Good morning, everyone! By now, I’m sure you have seen our fair city – and state – on every news channel because of the torrential rains and flooding we have had – and are still experiencing in many areas. It’s been one long stretch of weather, let me tell you! Well, you’ve seen the newscasts and the internet photos. Today, I’ll share with you how the storm affected me and my homestead.
Last Thursday was my last day at work before the worst of the storm arrived. I work in downtown Charleston, which is basically a filled-in swamp that floods at normal high tides without rain. I worked late that evening – not only because I had work to get done, but also because I couldn’t leave the building until the tidal flooding had receded some. The rains began Wednesday afternoon, and we were under that Super Moon. Here’s what the street looked like from my perch on the sixth floor of my office building.
By that evening, the forecast was calling for very nasty weather to begin on Friday afternoon. All the schools in three counties, as well as all the universities (I work at one), were closed on Friday. Yeah! Day off, right? It was the beginning of the deluge.
By Friday afternoon, my homestead had already received 4.1 inches of rain. That was nothing compared to what was to come!
Friday, October 2, began like a normal rainy day. While checking my rain gauge on Friday morning for Thursday’s rain total, my Garden Wilson took this picture. The beauty before the storm, a morning glory wrapping itself around my cast iron basket on the table in my garden.
By Friday afternoon, the deluge had begun! Squalls of torrential downpours came one after another! My weather radio had quite the workout as flash flood warnings kept being issued one after another. On Friday, I received 5 inches of rain.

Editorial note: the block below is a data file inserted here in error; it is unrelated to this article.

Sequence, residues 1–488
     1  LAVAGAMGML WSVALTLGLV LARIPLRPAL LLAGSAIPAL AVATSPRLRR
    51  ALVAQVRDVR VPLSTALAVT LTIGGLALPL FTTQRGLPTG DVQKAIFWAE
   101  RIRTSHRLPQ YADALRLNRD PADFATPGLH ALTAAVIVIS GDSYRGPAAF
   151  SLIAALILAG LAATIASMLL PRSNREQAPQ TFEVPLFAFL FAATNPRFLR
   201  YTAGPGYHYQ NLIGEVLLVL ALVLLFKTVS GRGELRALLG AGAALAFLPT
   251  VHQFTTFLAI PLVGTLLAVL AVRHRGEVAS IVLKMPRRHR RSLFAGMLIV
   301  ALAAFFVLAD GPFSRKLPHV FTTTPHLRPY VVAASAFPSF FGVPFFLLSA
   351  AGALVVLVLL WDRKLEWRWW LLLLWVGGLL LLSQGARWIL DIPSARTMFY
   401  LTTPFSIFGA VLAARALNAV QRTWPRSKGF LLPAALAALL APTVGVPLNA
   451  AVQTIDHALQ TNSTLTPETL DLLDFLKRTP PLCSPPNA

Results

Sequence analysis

But there was more to come. Between squalls on Saturday afternoon, I got a couple pictures of my very soggy yard. Thankfully, there was no flooding around my area – yet.
My herbs were drowning in the puddles along my front walkway.
It rained all day on Saturday, and then the wind arrived. I was so concerned that the large trees in my yard would be uprooted by the slightest wind because of how waterlogged the ground was.
By Saturday afternoon, Hurricane Joaquin was moving past us. Although it was far enough out to sea not to affect us directly, the low pressure system off the South Carolina coast and the hurricane were in a climatic dance that kept the stream of moisture shooting into South Carolina like a fire hose pointed at Charleston.
Here’s a very short video of one of the squalls on Saturday afternoon, taken from the warmth and safety of my house.
By Saturday evening, news reports were getting out (especially via Facebook) of how bad it was getting. Downtown Charleston was under water in many areas and the entire peninsula was closed to all incoming and outgoing traffic. That didn’t surprise me. What did surprise me was the flooding that began to occur closer to home.